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Expert: China, US need to enhance cooperation

By Jing Shuiyu | China Daily | Updated: 2017-11-09 08:25

China's imports from the United States are likely to grow substantially in the high-end sector with scope for further cooperation in sectors like aerospace and new energy research, a top expert said.

Wei Jianguo, vice-president of the Beijing-based China Center for International Economic Exchanges, said: "Beyond traditional goods like beef and aircraft, China would increase imports from the US in life sciences, new materials and healthcare sector in the next five years."

Wei's comments come at a time when US President Donald Trump is making a state visit to China amid mounting trade friction between the two sides.

The two sides are also expected to further collaboration in the services, cross-border e-commerce and outsourcing sectors, he said.

Such efforts will allow the Sino-US trade to grow "from single-track to multi-track pattern," he said, which would decrease the US' trade deficit with China.

Healthy economic and trade ties are considered pillars of Sino-US relations. Bilateral trade in goods increased from $2.5 billion in 1979 to $519.6 billion in 2016, an increase of over 200 times, according to Zhong Shan, the Chinese minister of commerce.

In April, China and the US agreed to establish a comprehensive economic dialogue and initiate a 100-day economic cooperation plan. About a month later, the two countries announced initial results in areas like agriculture, electronic payments, financial services and energy.

For instance, China resumed US beef imports, which were halted in 2003, in a move to boost economic ties and further balance the trade surplus with the US.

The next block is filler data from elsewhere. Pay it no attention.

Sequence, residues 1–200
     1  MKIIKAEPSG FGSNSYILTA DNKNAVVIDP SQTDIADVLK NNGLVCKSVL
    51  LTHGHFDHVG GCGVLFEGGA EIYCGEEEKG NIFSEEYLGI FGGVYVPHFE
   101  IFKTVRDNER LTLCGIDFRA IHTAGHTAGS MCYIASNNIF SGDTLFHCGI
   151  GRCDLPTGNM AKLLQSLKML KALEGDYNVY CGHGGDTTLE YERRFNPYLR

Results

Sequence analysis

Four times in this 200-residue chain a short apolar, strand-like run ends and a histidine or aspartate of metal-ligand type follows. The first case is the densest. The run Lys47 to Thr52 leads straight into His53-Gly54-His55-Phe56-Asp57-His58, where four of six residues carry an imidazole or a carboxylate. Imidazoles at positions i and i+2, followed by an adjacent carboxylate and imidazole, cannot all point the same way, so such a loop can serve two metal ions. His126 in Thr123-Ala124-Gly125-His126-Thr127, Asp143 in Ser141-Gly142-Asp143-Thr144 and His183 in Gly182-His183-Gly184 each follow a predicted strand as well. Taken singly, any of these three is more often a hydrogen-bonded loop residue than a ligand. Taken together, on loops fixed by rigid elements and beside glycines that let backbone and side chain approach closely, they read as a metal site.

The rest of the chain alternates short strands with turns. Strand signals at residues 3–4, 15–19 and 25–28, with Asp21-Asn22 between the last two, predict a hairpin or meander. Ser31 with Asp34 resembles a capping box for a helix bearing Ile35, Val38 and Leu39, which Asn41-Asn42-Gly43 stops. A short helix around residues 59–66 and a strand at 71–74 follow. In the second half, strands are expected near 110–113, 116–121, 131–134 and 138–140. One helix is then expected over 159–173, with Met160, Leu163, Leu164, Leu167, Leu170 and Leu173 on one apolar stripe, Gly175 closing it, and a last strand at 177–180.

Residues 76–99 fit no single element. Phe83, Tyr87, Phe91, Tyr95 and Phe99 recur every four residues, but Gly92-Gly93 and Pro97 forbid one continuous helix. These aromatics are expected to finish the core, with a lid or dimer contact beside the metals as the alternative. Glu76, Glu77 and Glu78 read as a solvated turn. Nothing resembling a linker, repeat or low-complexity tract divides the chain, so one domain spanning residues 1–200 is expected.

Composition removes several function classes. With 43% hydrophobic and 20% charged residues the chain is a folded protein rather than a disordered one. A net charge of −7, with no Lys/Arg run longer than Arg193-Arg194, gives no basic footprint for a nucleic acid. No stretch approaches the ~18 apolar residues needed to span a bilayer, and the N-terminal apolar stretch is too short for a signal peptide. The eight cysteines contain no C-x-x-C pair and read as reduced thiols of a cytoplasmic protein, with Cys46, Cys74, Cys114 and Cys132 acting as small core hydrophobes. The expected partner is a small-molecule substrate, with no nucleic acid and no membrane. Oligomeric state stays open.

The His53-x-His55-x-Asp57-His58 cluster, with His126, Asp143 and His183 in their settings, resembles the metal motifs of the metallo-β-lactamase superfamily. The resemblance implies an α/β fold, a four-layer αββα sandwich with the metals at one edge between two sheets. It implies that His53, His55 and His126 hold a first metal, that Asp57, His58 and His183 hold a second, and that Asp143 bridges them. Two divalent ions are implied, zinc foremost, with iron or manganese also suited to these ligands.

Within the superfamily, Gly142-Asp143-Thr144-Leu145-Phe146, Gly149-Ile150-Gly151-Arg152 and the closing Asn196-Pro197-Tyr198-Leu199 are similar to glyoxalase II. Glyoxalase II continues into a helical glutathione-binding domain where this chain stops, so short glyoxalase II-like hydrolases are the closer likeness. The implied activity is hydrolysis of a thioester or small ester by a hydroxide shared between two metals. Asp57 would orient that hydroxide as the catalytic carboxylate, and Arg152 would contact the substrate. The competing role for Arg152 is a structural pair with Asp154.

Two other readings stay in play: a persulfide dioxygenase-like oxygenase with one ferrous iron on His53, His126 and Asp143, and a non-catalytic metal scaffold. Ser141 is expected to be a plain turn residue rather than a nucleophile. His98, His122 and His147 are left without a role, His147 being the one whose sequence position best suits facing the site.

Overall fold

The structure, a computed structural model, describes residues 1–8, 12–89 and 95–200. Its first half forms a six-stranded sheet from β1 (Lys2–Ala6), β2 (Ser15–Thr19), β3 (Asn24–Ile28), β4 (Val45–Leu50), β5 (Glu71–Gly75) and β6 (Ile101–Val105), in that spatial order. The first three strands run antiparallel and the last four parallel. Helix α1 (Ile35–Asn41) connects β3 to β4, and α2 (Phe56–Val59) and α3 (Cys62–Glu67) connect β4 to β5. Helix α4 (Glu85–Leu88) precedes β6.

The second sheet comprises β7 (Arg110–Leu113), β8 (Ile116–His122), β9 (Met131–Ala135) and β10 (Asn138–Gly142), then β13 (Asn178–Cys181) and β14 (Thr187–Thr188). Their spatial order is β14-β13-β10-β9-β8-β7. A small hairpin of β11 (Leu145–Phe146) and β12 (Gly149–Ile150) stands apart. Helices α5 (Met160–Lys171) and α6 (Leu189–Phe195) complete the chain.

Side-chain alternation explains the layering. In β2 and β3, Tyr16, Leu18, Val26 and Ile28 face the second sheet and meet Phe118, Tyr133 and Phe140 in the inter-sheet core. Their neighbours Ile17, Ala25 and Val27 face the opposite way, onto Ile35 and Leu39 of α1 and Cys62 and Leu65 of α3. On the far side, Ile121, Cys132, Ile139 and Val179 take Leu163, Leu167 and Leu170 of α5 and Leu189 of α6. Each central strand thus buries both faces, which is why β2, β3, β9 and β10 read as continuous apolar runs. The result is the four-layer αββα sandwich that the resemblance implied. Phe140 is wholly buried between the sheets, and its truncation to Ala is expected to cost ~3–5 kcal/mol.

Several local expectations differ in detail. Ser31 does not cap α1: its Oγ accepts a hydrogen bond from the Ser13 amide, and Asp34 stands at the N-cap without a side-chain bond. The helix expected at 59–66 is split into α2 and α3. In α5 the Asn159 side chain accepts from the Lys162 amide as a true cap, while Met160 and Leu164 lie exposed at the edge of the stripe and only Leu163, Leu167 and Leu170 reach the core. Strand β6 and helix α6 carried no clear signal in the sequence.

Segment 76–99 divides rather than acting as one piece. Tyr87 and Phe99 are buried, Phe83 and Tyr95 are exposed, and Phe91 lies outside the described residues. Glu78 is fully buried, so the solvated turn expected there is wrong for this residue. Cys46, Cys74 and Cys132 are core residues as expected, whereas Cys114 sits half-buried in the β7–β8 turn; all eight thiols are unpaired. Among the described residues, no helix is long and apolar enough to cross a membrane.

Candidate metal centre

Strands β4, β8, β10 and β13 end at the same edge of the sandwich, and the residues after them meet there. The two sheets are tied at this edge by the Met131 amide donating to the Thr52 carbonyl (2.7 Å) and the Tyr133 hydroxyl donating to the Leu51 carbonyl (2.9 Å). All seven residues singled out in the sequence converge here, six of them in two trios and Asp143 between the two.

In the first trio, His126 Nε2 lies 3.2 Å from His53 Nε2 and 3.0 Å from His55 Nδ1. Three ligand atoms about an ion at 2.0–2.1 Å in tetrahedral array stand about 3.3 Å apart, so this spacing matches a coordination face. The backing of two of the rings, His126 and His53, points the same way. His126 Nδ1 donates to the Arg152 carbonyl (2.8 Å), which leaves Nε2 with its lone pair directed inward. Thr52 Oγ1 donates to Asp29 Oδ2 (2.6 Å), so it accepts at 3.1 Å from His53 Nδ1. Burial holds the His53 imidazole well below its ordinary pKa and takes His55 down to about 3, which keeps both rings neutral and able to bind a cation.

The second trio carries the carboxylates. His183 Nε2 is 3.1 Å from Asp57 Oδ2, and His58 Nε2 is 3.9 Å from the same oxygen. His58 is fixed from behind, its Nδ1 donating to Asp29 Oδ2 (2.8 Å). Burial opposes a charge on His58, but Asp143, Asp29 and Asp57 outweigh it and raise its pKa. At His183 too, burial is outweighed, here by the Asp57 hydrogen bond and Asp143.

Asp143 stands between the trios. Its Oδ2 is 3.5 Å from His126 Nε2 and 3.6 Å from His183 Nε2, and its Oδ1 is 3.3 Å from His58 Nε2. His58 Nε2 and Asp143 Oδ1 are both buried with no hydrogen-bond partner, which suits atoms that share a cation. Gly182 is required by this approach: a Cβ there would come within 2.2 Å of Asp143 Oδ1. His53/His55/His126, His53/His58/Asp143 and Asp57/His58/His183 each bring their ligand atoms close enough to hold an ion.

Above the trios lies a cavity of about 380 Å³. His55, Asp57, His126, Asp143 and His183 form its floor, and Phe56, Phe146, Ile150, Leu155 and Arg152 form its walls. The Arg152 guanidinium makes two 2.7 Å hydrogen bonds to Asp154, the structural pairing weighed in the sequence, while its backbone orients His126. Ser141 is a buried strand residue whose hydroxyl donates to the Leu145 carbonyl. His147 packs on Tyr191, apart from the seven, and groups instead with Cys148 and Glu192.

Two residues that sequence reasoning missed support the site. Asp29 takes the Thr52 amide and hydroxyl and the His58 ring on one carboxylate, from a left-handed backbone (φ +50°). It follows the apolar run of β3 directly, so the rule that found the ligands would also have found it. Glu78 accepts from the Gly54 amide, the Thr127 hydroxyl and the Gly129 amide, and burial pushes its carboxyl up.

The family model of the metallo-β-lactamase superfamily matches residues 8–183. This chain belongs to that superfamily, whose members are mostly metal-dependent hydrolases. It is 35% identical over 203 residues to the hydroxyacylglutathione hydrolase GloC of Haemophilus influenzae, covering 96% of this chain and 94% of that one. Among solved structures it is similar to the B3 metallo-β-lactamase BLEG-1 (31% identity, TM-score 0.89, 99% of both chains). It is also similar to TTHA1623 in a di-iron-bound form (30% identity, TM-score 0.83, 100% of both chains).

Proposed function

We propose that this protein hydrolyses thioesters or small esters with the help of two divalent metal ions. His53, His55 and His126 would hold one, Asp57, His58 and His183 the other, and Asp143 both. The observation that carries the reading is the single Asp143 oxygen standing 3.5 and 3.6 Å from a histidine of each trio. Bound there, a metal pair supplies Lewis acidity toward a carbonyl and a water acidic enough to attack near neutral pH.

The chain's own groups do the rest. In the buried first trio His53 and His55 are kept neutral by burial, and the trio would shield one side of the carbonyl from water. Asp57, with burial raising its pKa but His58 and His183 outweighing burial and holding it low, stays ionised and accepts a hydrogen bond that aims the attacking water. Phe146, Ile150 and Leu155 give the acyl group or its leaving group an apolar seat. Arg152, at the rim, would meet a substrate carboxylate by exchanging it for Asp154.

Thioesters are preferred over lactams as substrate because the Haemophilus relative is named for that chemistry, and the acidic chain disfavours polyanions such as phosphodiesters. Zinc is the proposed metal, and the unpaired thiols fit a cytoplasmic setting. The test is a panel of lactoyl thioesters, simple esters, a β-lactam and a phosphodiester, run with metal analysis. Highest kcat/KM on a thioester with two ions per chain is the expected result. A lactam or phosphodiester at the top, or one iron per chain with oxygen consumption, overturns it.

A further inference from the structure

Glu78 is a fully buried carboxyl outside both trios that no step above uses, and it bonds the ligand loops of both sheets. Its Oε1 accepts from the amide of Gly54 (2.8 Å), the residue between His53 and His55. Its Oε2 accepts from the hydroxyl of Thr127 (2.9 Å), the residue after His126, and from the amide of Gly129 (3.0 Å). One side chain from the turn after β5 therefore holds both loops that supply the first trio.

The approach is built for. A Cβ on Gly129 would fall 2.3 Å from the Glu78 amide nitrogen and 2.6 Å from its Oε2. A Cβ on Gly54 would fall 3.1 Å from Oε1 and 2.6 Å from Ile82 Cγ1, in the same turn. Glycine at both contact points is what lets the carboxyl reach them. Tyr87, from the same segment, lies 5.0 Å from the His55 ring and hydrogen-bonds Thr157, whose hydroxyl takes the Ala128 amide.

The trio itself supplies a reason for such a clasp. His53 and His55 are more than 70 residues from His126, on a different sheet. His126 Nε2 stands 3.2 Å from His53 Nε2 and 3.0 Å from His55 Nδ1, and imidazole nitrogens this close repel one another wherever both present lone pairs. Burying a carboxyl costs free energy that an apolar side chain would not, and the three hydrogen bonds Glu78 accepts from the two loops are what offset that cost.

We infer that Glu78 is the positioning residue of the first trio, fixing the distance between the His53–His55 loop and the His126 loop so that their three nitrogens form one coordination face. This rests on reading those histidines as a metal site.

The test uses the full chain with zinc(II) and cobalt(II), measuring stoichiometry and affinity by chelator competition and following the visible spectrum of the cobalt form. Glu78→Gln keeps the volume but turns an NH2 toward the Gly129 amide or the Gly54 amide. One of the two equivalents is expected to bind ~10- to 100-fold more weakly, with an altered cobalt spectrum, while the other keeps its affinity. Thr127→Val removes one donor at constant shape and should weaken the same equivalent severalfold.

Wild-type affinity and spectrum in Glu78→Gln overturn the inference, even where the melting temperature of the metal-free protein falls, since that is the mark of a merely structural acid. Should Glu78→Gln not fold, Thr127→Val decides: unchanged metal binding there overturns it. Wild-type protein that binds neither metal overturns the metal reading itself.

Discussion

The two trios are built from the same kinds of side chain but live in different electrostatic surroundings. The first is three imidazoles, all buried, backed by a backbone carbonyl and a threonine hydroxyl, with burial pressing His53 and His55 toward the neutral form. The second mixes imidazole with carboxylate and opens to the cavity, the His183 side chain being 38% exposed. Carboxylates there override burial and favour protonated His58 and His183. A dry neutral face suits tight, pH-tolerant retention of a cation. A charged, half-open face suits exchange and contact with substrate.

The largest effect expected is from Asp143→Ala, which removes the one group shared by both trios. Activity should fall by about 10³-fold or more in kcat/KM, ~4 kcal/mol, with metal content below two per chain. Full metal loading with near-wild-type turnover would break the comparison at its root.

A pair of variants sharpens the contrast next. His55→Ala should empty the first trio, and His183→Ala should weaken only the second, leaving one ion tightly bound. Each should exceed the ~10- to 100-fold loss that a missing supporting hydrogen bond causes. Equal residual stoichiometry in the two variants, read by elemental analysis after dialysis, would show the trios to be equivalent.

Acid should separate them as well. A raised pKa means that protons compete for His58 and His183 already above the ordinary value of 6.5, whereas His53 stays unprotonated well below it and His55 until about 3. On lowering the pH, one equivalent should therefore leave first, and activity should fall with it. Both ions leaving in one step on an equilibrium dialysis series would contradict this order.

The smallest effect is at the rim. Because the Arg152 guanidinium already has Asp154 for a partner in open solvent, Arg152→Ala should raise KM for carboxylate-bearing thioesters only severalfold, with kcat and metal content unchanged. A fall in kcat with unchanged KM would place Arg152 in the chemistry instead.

"In future, China would work closer with the US on fueling technology and innovation in fields like aerospace, new energy, and smart cities," Wei said. "There are also great possibilities for cooperation in aviation, railways and manufacturing sectors."

More opportunities will be identified among different entities like think tanks, privately owned enterprises, associations, chambers of commerce, intermediaries and financial services, he added.

The Trump administration, espousing trade protectionism, had repeatedly blamed China for its worsening trade deficit.

Cui Tiankai, the Chinese ambassador to the US, said the trade imbalance is "a structural problem" rather than something "caused by somebody's policy".

"We certainly want to have more balanced trade. But this will have to be done over time. You cannot reduce the trade deficit overnight..." Cui told the Financial Times.

Liu Yukun contributed to the story.

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